The Three Musketeers
The Three Musketeers Chapter Sixty-Six: Execution Summary
- This chapter beings with a description of the setting, which can be summed up in one word: sinister. There is a river in front, woods to the right, a broken mill on the left, and along the road are trees like "deformed dwarfs."
- Mousqueton and Grimaud drag Milady along the road. She offers the two lackeys a thousand pistoles each to let her free, and warns that there are men nearby who would avenge her death.
- Athos and de Winter realize what Milady is doing, and instruct Planchet and Bazin to take over.
- On the banks of the river, the executioner binds her hands and feet. Milady chastises him: she is so strong-willed it takes ten men to tie this one woman down! (Athos, however, asserts that she’s a devil and doesn’t count as being a woman.)
- Milady argues passionately that whoever kills her is an assassin. The man in the red cloak responds that an executioner may kill without being an assassin.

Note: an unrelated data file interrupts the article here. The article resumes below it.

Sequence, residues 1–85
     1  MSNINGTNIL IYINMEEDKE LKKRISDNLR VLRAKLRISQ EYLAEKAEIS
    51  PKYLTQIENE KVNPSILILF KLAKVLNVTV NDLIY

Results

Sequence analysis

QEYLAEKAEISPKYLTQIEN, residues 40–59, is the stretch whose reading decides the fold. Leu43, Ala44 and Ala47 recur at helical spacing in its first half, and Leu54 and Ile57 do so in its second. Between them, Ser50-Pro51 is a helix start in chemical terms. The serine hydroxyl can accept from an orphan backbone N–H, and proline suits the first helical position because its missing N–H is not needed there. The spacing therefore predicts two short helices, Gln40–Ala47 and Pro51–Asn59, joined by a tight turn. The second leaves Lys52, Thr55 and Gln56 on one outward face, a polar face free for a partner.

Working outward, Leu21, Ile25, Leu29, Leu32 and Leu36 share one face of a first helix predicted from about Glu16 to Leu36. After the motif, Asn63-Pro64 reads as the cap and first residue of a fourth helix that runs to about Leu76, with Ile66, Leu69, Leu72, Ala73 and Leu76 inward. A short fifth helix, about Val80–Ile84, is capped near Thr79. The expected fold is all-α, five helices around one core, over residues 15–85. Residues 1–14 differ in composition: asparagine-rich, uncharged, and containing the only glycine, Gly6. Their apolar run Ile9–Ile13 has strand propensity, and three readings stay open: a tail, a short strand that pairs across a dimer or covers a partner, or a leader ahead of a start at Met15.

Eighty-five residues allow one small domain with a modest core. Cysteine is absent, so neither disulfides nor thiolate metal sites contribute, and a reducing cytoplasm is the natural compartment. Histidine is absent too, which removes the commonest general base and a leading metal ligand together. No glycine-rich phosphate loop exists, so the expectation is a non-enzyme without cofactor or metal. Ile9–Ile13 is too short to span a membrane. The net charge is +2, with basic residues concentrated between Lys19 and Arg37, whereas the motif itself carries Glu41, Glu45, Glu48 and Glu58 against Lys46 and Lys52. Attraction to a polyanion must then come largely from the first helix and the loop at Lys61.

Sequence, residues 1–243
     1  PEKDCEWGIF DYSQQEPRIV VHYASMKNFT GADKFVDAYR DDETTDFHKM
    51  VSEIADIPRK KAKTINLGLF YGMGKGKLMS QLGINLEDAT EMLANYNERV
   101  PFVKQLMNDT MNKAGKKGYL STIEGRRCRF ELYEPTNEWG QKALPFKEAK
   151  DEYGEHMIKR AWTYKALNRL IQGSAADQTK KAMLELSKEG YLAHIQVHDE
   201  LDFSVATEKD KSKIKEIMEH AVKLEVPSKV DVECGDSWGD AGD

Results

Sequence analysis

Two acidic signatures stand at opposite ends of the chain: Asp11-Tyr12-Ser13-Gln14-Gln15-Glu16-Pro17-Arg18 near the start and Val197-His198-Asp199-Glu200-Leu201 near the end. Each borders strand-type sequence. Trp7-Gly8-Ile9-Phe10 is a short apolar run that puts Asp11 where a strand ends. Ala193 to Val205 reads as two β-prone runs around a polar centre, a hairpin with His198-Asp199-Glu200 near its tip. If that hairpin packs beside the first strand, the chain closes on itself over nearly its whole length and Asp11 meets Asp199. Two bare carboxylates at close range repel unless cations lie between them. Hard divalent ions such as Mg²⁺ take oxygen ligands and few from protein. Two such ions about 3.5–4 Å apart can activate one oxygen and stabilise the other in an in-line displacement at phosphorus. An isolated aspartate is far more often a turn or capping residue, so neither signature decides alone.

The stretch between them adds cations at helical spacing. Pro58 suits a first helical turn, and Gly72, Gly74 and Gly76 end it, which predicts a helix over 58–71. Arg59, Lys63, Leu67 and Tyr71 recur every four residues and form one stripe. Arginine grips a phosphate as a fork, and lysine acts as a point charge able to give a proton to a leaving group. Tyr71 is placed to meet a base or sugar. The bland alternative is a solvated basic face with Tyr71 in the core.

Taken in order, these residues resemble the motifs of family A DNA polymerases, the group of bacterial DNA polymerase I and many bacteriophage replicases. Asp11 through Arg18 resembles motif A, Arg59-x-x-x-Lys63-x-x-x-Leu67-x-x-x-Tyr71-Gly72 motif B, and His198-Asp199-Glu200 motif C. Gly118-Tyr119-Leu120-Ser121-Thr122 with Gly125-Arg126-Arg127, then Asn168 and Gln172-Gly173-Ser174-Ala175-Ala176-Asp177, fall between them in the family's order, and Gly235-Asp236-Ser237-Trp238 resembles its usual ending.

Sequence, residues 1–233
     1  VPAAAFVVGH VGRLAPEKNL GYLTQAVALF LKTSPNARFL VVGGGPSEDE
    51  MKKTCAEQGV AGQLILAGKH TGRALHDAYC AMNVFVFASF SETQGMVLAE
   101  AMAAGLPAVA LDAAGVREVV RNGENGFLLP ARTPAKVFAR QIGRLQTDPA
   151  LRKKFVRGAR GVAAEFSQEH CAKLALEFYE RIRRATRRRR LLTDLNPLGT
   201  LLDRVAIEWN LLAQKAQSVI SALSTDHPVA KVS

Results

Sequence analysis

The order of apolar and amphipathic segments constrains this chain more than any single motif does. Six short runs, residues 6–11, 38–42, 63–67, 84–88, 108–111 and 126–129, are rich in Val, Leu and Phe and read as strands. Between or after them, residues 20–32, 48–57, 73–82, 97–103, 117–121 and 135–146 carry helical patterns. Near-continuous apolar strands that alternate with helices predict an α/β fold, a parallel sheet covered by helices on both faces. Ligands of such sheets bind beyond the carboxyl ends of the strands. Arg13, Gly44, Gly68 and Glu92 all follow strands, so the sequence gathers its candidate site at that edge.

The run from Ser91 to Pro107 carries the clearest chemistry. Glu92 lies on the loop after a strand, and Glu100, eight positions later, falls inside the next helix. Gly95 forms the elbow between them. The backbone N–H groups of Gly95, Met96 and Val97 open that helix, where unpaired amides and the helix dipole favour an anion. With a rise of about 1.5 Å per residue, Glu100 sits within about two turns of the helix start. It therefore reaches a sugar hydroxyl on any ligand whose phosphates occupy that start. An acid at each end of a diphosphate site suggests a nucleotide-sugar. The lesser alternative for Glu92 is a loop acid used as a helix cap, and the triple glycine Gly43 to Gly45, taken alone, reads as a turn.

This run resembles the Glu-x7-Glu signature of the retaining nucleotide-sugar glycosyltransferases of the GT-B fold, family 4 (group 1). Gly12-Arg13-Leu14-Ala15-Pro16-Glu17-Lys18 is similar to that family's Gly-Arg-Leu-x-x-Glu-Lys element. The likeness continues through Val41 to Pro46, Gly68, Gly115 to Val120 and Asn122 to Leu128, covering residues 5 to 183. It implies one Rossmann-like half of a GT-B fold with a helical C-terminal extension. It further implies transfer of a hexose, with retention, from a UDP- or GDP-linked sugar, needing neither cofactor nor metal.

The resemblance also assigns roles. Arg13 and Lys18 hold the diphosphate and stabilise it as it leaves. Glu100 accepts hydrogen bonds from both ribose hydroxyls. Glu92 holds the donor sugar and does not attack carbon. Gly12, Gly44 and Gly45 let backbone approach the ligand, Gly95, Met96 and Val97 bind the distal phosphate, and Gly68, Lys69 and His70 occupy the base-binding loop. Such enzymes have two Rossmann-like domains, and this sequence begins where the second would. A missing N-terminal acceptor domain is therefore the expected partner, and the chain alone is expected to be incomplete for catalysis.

- Milady shrieks that they are not judges.
- De Winter says that he offered her Tyburn, (a village where criminals were executed), which she rejected.
- Milady offers to become a nun. The executioner says she once was a nun, and then ruined his brother.
- The executioner grabs her and carries her to the boat.
- She cries out, asking if they are going to drown her.
- Her cries affect D’Artagnan. He sits and hangs his head, then protests that he cannot bear it. Milady hears him and cries out that she once loved him.
- D’Artagnan begins walking towards her, but Athos steps in front of him and warns him that if he continues, the two will have to fight.
- D’Artagnan begins to pray.
- Athos steps forward and pardons Milady.
- De Winter pardons her.
- D’Artagnan pardons her.
- Athos hands the executioner some silver. The executioner throws it into the river to demonstrate that he isn’t doing it for the money.
- The boat glides along the river and stops on the opposite bank.
- Everyone is on their knees praying.
- Milady manages to untie the cord fastening her feet. She gets out of the boat and runs.
- She slips and falls to her knees, then stays there. The executioner raises his sword and finally does the deed.
- He puts the body and the head into his cloak, gets back into the boat, and then throws the remains into the middle of the river.
- Three days later the Musketeers arrive back in Paris. Tréville asks if they enjoyed their leave.
- Athos says that they did.
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